The Christian faith was indeed given to us at baptism, as was our inheritance in the kingdom of heaven. But it was not given to us to hoard, to store up against the day we will be asked to make account for what we did with what we were given. A kind of “Free Spin” in the “Wheel of Fortune” of our lives. Our Christian faith was given to us so that we could give it away to others in our own generation and all subsequent generations. We need to hand the Christian faith on, totally and truthfully, not just the parts we like, but the parts that are hard for us as well. What the future needs from us is a lived-in, warm, worn faith with our hand prints all over it. When our grandchildren run their fingers across all our words and deeds, the melody they hear should be clear and true. We need to live and act and be the baptized people that we are.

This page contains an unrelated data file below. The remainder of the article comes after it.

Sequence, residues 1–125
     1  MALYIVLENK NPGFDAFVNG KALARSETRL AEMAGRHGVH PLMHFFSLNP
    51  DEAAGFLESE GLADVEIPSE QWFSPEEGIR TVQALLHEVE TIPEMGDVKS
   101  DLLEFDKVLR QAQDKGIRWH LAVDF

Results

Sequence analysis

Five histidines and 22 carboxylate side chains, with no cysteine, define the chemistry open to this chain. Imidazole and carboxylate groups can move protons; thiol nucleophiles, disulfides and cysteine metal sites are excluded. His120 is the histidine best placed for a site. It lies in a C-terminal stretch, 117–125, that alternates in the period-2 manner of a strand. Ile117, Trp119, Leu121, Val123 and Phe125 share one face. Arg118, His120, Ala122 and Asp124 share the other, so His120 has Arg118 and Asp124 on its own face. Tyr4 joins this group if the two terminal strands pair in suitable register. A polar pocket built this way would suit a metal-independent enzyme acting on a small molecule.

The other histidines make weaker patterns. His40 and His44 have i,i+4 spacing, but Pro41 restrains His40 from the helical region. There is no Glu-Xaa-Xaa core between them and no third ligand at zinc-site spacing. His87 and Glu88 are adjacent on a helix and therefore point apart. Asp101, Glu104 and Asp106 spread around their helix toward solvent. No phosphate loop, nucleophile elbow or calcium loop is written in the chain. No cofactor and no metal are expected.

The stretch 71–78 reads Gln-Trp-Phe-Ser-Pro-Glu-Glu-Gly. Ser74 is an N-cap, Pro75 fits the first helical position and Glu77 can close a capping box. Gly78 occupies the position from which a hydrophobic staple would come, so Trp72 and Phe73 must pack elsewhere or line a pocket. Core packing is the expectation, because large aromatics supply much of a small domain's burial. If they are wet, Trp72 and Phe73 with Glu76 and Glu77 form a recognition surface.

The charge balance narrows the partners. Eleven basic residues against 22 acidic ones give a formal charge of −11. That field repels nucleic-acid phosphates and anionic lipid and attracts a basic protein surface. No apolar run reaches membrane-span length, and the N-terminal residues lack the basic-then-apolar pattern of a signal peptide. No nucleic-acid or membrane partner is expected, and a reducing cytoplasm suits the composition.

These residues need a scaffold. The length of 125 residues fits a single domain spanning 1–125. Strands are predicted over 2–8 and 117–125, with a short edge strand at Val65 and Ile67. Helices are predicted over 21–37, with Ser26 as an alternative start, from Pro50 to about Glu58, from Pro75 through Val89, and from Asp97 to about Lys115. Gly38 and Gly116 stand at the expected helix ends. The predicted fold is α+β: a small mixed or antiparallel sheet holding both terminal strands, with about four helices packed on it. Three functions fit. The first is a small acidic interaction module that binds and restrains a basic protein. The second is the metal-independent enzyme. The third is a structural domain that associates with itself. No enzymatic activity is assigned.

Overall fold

The magnificent picture that St. Luke paints for us of Jesus’ baptism in today’s gospel puts us right into the scene if we could take ourselves back 2000 years. I have to wonder why this Jesus would want to take part in the Baptist’s rite of repentance for the forgiveness of sins. Why on earth would Jesus, both blameless and without spot of sin, want to wade into the murky waters of the Jordan,... that filthy river, swirling and teaming with sins that had washed off the crowds that had preceded him? Everyone else had gone into that water befouled with their own sinfulness and came out cleansed. Jesus goes into the water pure and blameless and comes out bearing the sins of all, yours and mine included. That Holy Child of Bethlehem, wearing my flesh, God incarnate, climbs down the muddy bank and wades right in for me and for you,... just as he will go to the cross for me and for you. There isn’t a person here this morning that cannot say, “For me Christ died.” That’s hard for us to understand, I know. It’s hard for us to understand how God could love us so, even in our “un-lovableness.” But I know in my heart that when I hurt, Jesus hurts,... when I laugh, Jesus laughs,... when I am sick, Jesus shares my sickness and pain, and when the day comes for me to lie down to die, Jesus will lie down with me. Whatever my trouble may be, Jesus is right there with me, right there at my side.